“We are thrilled that our partnership with SickKids Foundation over the holidays has been such a success—thanks to the support of all of our franchisees and the generosity of our customers,” says Domenic Primucci, president of Pizza Nova. “It was an honour to be able to support such an important cause. We are looking forward to continuing this partnership with another holiday fundraising campaign at the end of this year.”
Funds will go to SickKids Foundation, to help build a new state-ofthe-art hospital and patient support
buildings, continue breakthrough research, and build partnerships across the country.
“SickKids is proud to partner with Pizza Nova, which has generously donated $15,000 as part of their two-year commitment. Our vision for better children’s health is generously supported through their continued investment,” says Stacey Robinson, director, cause marketing at SickKids Foundation.
“By joining SickKids in the fight for children’s health, Pizza Nova is helping provide vital funding for new equipment, education for the next generation of SickKids caregivers, and research into new treatments and cures for illness and disease. All of which are helping us win the fight to make every kid a healthy kid. Thank you, Pizza Nova, for your leadership and support!”
KINKA FAMILY is pleased to announce the opening of the first KINTON RAMEN location in Newmarket, Ontario, owned and operated by its executive chef, Aki Urata. The announcement is a major milestone for the restaurant group and marks the first in its Employee Franchise Program, dedicated to partnering with current and past employees.
KINKA FAMILY is headquartered in Toronto and operates five brands, including KINTON RAMEN, KINKA IZAKAYA, JaBistro, KINTORI YAKITORI, and NEO COFFEE BAR. KINTON RAMEN first opened its doors in 2012 and has quickly grown to become a household name with a dedicated customer base. With more than 24 locations coast to coast, KINTON RAMEN represents a unique opportunity to put a spin on the traditional franchise model and focus on motivated employees who share in the brand’s passion for quality, innovation, and customer service.
“The KINKA FAMILY philosophy fosters and encourages the success of all team members, with a culture rooted in collaboration and teamwork,” said James Kim, chief executive officer of KINKA FAMILY. “This new KINTON RAMEN location, owned and operated by our executive chef, is a testament to that philosophy. We are grateful to Chef Aki for all he has brought to us, and we can’t wait for the Newmarket community to experience the exceptional food and hospitality that KINTON RAMEN is known for.”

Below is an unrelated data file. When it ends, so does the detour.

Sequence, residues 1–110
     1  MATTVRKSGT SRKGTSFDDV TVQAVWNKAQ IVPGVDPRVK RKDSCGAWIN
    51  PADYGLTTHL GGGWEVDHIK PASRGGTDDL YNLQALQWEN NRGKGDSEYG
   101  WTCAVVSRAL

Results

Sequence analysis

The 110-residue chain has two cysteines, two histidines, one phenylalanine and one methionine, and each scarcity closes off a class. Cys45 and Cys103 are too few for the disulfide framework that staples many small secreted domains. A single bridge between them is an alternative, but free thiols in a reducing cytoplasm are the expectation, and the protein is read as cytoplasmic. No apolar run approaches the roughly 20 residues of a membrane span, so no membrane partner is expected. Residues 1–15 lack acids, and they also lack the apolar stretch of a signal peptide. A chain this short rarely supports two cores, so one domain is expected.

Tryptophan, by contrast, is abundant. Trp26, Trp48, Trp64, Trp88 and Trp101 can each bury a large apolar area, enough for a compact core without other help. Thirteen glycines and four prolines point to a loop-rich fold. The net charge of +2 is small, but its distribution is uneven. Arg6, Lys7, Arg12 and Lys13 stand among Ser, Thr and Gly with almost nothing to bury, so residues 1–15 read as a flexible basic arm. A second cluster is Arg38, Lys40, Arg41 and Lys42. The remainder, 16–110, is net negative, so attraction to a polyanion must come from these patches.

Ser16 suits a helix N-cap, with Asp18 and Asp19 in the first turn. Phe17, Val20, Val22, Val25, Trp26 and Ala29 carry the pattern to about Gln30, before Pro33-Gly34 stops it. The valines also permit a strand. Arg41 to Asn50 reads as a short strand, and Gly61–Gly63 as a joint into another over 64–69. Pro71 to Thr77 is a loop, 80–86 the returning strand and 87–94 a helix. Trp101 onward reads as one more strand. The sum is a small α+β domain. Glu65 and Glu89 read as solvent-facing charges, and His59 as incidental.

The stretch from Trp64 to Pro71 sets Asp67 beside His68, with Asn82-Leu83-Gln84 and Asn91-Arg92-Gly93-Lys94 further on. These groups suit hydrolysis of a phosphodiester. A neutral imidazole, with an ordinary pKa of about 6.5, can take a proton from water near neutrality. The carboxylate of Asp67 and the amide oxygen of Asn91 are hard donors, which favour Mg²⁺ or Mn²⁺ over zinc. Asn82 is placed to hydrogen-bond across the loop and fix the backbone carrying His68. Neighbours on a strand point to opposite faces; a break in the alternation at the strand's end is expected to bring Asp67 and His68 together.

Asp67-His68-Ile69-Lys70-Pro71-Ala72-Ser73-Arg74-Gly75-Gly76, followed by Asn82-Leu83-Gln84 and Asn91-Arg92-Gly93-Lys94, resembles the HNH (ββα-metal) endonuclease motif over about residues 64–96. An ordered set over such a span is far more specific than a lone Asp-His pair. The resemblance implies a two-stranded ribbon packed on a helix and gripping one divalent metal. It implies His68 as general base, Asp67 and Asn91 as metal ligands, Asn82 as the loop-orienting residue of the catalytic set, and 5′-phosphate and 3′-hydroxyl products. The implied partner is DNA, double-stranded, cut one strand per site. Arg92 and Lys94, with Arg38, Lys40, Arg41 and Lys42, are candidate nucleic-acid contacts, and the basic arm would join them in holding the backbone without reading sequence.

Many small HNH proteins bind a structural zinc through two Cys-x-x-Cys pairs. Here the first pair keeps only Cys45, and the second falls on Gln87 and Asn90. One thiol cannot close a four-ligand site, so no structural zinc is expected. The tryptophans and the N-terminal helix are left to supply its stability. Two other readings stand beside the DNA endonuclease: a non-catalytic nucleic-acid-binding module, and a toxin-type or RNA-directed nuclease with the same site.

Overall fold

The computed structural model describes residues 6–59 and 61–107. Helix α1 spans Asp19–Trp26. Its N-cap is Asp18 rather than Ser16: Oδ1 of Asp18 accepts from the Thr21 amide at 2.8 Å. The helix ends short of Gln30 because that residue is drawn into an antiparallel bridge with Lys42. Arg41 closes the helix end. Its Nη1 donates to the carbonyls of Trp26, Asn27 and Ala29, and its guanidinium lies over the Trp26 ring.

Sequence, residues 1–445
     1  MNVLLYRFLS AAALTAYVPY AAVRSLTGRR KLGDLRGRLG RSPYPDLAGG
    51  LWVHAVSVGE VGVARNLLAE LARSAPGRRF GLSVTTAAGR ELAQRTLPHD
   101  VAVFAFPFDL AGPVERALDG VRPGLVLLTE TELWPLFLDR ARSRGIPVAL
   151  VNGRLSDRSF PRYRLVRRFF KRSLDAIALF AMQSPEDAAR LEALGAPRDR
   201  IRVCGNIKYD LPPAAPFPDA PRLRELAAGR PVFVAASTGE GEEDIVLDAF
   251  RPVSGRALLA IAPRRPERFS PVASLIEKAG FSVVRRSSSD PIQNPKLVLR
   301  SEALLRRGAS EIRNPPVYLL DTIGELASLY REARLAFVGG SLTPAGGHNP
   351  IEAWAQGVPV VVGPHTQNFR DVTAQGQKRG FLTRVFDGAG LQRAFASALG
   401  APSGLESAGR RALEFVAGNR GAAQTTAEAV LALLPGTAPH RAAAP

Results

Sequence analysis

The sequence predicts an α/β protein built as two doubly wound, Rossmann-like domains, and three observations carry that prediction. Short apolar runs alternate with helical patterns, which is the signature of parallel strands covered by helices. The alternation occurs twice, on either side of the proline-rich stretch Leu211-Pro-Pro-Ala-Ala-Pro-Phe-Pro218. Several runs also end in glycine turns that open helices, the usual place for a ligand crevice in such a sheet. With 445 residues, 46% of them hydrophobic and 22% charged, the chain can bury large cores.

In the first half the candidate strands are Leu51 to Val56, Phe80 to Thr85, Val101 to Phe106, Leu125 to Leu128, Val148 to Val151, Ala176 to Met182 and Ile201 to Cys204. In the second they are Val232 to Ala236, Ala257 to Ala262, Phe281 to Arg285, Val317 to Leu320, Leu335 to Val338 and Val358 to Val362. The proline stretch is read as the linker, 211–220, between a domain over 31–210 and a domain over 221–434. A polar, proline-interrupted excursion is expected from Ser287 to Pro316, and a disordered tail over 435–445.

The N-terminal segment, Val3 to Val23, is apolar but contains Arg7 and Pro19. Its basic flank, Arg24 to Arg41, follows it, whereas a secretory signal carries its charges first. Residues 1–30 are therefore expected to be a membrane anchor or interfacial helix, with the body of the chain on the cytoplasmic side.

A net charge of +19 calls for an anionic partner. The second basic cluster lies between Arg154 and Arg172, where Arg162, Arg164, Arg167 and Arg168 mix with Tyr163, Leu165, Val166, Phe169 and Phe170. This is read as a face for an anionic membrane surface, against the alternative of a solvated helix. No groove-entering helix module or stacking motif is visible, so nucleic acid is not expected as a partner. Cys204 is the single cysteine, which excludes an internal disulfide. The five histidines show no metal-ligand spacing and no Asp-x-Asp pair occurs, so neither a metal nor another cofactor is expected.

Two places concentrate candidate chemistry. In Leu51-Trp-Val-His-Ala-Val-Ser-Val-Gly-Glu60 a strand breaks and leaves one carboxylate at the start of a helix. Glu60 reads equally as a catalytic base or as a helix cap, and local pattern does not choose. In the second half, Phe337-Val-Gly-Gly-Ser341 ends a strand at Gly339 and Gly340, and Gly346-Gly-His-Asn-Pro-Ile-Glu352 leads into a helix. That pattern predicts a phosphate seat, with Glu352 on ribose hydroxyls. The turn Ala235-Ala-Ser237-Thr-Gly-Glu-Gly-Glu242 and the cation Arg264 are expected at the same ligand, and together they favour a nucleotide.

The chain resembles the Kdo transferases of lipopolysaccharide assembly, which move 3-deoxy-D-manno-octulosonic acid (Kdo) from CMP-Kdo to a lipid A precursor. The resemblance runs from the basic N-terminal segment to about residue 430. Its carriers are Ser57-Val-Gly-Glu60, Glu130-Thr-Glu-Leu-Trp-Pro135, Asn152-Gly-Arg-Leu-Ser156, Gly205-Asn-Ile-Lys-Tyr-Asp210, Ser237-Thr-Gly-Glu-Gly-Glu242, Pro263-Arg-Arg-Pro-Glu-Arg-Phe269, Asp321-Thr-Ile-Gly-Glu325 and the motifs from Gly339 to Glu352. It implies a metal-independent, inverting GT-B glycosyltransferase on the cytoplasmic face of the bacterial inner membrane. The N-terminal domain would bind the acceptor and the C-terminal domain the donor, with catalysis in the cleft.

Chef Aki has a long history with KINKA FAMILY and Japanese cuisine, notably ramen, delivering 20 years of flavourful and authentic ramen dishes. In 2012, with the support of KINKA FAMILY, Chef Aki established the first KINTON RAMEN location on Baldwin Street in Toronto. Each item on the menu continues to be a product of Chef Aki’s experiences, prepared through strict adherence to the Chef’s methods, using only select Japanese seasoning and fresh, local, high-quality ingredients to serve authentic Japanese ramen.
“Being a part of this company for more than a decade, I have firsthand experience of the incredible opportunities and culture KINKA FAMILY fosters with its employees. I’ve always wanted to be an entrepreneur and have been given an incredible opportunity to achieve that dream today. I am proud to be the first employee to own a KINTON RAMEN, a brand that I worked so hard to help build,” says Chef Aki. “As the demand for authentic, delicious ramen continues to grow, I am eager to offer our Newmarket customers the unparalleled food and exceptional service that KINTON RAMEN is famous for, while introducing them to our diverse range of unique flavours and dishes.”
With a diversity of opportunities, anyone can find business success through the inclusive Canadian franchise industry
In this special Franchise Canada Diversity in Franchising package, we hear the stories of Canadian franchisees from coast to coast, some with decades of firsthand experience, and some who are newcomers to the franchising family.
The franchisees represent a wide range of industries, from business consulting and graphics and signage to waxing bars and pet services. The Canadian Franchise Association (CFA) is home to over 650 member brands across more than 50 categories, meaning there’s almost certainly an opportunity to satisfy every niche interest.